Oh my goodness, my heart is with you all today. You’ve already been through Holy Week and celebrated the resurrection in Pandemic. But Christmas, too?!? Doesn’t seem fair. Isn’t fair.
I don’t know about you all–but being a fellow person in the helping profession the last nine months has challenged me, stretched me, grown me, strained me. So many of the “rules” no longer fit or work. The veil between us and those we serve grows ever thinner. The pain those we serve live in is the exact same pain we live in. The coping strategies and fix-it solutions we’re good at offering aren’t as helpful, useful, or available in these times. Not to mention the reality that most of us are dangling onto the bottom of Maslow’s Hierarchy of Needs Triangle. So depth work is not only out of reach for most–it could be down right dangerous if other basic needs and needs for stability or safety aren’t met. You carry all of this going into the Christmas Eve service tonight.
I imagine you, too, are having all the feels as you prepare to be livestreamed and/or masked before a community that also has all the feels–and very well may be projecting their God-images upon you. That my dear pastor friends is A LOT!
So my Christmas Wish and present for you is to give yourselves permission to be Good Enough.
What’s Good Enough?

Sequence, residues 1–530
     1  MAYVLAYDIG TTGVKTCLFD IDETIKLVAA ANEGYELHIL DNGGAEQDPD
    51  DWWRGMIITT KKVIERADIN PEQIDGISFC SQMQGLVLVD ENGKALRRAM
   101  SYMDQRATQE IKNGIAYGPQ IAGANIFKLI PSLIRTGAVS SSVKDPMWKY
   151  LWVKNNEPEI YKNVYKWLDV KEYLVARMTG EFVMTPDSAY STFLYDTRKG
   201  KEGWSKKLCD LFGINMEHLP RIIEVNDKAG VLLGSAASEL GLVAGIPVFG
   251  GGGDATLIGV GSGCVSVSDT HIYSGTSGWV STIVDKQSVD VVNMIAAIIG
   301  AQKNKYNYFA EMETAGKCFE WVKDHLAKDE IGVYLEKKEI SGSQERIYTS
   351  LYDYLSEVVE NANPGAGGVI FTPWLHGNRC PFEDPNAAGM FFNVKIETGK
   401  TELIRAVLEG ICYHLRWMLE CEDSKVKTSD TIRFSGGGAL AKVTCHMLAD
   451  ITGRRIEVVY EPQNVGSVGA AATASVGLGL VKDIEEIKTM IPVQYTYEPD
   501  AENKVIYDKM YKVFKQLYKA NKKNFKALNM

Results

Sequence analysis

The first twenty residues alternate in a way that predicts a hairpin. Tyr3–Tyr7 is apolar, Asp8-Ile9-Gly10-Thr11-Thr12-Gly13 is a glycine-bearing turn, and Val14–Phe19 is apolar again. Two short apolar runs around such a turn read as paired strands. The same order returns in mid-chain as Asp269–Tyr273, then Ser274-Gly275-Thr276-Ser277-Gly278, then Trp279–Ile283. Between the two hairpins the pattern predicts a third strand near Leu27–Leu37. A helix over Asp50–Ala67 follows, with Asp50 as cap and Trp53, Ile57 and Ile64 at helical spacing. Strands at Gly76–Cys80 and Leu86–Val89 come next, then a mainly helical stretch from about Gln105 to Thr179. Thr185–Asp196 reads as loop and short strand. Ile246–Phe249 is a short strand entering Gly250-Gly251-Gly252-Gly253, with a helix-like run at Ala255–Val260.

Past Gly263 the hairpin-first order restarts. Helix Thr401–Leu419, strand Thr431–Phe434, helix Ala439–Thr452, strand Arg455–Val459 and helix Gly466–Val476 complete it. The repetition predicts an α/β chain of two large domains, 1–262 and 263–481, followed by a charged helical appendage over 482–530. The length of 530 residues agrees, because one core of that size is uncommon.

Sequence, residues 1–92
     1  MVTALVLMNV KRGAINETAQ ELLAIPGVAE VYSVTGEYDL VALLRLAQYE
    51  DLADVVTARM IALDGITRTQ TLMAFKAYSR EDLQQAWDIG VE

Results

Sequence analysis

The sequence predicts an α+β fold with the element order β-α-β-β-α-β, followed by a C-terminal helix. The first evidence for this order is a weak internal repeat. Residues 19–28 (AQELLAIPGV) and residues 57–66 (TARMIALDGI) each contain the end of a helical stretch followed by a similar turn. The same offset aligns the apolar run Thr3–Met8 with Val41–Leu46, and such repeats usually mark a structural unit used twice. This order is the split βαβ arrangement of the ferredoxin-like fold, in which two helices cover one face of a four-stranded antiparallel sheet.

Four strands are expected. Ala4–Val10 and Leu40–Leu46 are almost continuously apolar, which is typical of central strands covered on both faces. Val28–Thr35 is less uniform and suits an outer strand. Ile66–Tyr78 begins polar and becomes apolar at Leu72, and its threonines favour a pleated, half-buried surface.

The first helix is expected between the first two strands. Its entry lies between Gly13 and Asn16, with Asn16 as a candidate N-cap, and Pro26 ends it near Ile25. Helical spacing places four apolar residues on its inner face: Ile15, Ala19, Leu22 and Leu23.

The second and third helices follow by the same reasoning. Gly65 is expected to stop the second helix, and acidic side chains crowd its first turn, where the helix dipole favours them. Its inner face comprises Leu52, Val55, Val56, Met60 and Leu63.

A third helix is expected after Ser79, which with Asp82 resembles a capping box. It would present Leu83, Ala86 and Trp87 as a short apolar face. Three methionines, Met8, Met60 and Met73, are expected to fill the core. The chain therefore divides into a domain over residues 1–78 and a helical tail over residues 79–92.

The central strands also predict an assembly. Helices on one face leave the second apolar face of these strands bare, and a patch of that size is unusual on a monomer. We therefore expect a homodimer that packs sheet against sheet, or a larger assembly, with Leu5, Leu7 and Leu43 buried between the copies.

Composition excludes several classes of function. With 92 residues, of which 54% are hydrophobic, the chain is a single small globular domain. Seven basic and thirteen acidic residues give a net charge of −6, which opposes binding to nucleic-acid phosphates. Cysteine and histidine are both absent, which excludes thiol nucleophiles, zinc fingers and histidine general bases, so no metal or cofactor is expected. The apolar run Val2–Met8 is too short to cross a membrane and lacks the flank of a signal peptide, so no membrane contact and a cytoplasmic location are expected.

The concept of good enough actually comes from pediatrician and psychotherapist, D.W, Winnicott, who encouraged the idea of the good enough mother. He observed that A mother is neither good nor bad nor the product of illusion, but is a separate and independent entity…Her failure to adapt to every need of the child helps them adapt to external realities. That’s right…what a relief for all of us parents (and pastors)! Better yet, attachment research today observes that good enough parenting occurs more in how we are in our important relationships–our ability to catch ourselves being out of sync and then repairing rather than in saying or doing the perfect thing. It’s kinda like meditation…it isn’t having the perfect breath and mind focus–it’s noticing when it’s off and coming back. So it is with good enough parenting. Just coming back and being present. Being with.
I think the same holds true for pastors and congregants. Applying this theory to pastoring–and counseling for that matter–good enough pastoring is about being present. I know you’ve read this stuff before. Heard it talked about in seminary, etc. But I know that if you’re like me in 2020 sometimes that might not feel like enough. Or with a night like Christmas Eve where the expectations and traditions are many, rather than listening to the critics without and within, I’d like to give you permission to be good enough. To show up and be present and simply be with us. To honor that there’s no way around the grief of how different this night will be and to welcome it to worship. And to give us your presence as you proclaim the Good News of Christmas–that God is with us. Even when it’s hard. Especially when it’s hard.
May you sense and see Emmanuel today and each day forward.